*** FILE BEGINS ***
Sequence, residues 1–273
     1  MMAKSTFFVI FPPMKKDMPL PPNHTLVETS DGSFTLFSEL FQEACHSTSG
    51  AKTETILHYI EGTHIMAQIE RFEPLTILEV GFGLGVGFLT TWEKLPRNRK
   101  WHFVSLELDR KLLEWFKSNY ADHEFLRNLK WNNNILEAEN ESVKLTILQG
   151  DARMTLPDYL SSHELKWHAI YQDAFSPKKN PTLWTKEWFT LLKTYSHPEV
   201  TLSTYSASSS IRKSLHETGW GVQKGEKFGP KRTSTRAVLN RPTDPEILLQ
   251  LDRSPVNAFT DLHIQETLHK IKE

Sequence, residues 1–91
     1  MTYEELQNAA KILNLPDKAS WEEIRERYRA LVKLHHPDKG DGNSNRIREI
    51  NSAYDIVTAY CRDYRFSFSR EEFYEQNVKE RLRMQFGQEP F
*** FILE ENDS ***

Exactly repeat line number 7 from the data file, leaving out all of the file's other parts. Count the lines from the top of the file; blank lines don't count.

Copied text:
   251  LDRSPVNAFT DLHIQETLHK IKE